About us

Joy House Productions is an entertainment based, boutique company which founded

The Joy House Film Festival and The Wong Side of Life. It produces plays,

films, art projects, workshops, events, children’s animations and theatre productions.


In 2017, the feature film  The Casting Game  was made, written / produced by Joy Hopwood

and directed by Pearl Tan.


Joy Hopwood’s background is in children’s television, education and the arts. Her work has been

recognised by The Australian, SMH, The Daily Telegraph, and The Sunday Times newspapers

and Film Ink & IF magazines.

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In 2012 she was interviewed by SBS World News about the importance of having diversity on

Australian television. Joy was not only a regular presenter on A.B.C. T.V’s Play School but

also a guest on T.V. shows like: Good News Week, Home and Away, A Country Practice, G.P.

New Dimensions, and English at Work.

Smh Joy Hopwood 2012 sml

Joy graduated with a Bachelor of Arts degree at Edith Cowan University in Western Australia,

and then moved to Sydney permanently after successfully auditioning for ABC’s Play School,

which has been one of many highlights of her life.



In 2010, Joy took part in Belvoir Company B’s sold out show, “Stories East and West,” and was asked

back for another season in 2011 and 2012.


Her autobiographical story has been included in Black Ink book’s, Growing Up Asian in Australia,

edited by Alice Pung, which is part of the HSC curriculum and tertiary studies for universities and

schools. It’s now in its fifth reprint edition. Due to her popular contribution, Pearson Education

approached Joy to have her story included for the Pearson 9 series Reflecting on Life,

and was then asked to be a contributing writer for Chinese Australian’s Women’s Stories (2012).


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Growing up Asian


In 2012, Joy House Productions worked with Pearly Productions on a comedic short film

The Colour of Change about stereotypes and social issues, highlighting the importance of not

judging people in society unless you’ve walked in their shoes. They’ve also worked on

The Wong Side of Life (for children).


Their films were selected as a finalist for the BEMAC short film festival 2013, Cinewest, Women Media Arts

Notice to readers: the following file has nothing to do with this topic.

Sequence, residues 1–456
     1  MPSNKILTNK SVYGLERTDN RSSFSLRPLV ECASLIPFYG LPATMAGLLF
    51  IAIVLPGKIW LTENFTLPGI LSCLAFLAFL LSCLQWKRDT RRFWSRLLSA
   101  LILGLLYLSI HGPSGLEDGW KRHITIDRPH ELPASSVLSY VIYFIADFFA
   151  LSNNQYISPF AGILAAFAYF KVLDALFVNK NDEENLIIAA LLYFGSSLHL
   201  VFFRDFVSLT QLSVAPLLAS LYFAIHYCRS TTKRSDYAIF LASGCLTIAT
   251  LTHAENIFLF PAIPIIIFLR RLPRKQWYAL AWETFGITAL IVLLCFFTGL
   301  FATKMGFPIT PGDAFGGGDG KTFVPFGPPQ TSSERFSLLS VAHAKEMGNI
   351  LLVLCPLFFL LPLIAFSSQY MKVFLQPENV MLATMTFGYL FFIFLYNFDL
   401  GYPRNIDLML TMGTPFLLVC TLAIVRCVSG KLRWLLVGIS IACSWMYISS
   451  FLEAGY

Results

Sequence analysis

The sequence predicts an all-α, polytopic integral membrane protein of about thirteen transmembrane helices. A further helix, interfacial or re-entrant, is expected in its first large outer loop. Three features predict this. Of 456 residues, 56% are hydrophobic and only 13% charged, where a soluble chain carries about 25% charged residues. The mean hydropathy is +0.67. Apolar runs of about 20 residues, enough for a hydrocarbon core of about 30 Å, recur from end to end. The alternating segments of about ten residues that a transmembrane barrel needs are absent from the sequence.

and Film Festival 2013 (and won the Audience Choice Award), Kanyahumari International Film Festival,

India 2014, Lambing Flat Festival 2014 and The Shire International Short Film Festival 2014,

Florida’s Rendezvous Short Film Festival 2015 & 9th CMS Film Festival 2017 held in Lucknow, India

and Geo Film Festival & Expocinema, Belvedere, Padova in 2017.



On March 25th, 2013, The Wong side of life, theatre play was successfully performed at

The Concourse Theatre. Profits went to The Cancer Council, which Joy’s a proud ambassador for.



The play received positive reviews which then led to the Kindness is For Free, campaign,

which is an anti-racism and anti-bullying initiative in schools. This includes children’s

workshops which has taken part in many annual Harmony Day events.



On September 14th, 2013, The Joy House Film Festival was launched.

This is a short film festival featuring short films with a main theme of “joy” and sub theme of

diversity, giving a platform for emerging film makers in Australia and overseas. It’s the only

short film festival in Australia which is supported by Actors Equity and the Media Entertainment

Alliance (Diversity Committee) & Women in Theatre & Screen (Social Media Partner). It gives

prizes for not only best film, but also best Youth film, best Diversity film but also best W.I.T.S.

(Women in Theatre & Screen) film.


In 2009 & 2013, Joy’s philanthropy and community work was recognised for the prestigious

Australian of the Year Awards where she has been nominated twice and for the local community

awards. Here Joy was presented with an award by Ita Buttrose and then Treasurer Joe Hockey M.P.





Joe Hockey, Joy and Ita Buttrose (Community Awards)


Yas 2

Joy has been emcee for many events including International Women’s Day at Westfield (2016)

and International Women’s Day, organised by the Worker’s Union in Sydney city where 800+

people attended, and Walk for Respect (18 C) in 2015 and 2017.


“Making a difference in people’s lives is an ongoing goal of mine,

by ‘creating’ work with life messages in them, whether it be in film, literature,

theatre or the visual arts. I hope to continue this in hope for social change.”

(Joy Hopwood)




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